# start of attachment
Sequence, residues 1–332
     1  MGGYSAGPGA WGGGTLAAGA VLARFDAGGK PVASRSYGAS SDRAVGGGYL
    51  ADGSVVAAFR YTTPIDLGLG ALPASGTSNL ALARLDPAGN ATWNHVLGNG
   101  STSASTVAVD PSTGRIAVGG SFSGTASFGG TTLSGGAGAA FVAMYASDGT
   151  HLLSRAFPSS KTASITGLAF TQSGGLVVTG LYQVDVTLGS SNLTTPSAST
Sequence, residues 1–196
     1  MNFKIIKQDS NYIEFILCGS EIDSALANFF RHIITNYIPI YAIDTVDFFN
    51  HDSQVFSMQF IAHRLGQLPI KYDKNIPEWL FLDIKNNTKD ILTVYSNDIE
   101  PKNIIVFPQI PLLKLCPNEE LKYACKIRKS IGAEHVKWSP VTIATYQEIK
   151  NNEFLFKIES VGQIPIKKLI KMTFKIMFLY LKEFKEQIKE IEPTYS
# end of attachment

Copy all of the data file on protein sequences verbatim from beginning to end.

Sequence, residues 1–332
     1  MGGYSAGPGA WGGGTLAAGA VLARFDAGGK PVASRSYGAS SDRAVGGGYL
    51  ADGSVVAAFR YTTPIDLGLG ALPASGTSNL ALARLDPAGN ATWNHVLGNG
   101  STSASTVAVD PSTGRIAVGG SFSGTASFGG TTLSGGAGAA FVAMYASDGT
   151  HLLSRAFPSS KTASITGLAF TQSGGLVVTG LYQVDVTLGS SNLTTPSAST
Sequence, residues 1–196
     1  MNFKIIKQDS NYIEFILCGS EIDSALANFF RHIITNYIPI YAIDTVDFFN
    51  HDSQVFSMQF IAHRLGQLPI KYDKNIPEWL FLDIKNNTKD ILTVYSNDIE
   101  PKNIIVFPQI PLLKLCPNEE LKYACKIRKS IGAEHVKWSP VTIATYQEIK
   151  NNEFLFKIES VGQIPIKKLI KMTFKIMFLY LKEFKEQIKE IEPTYS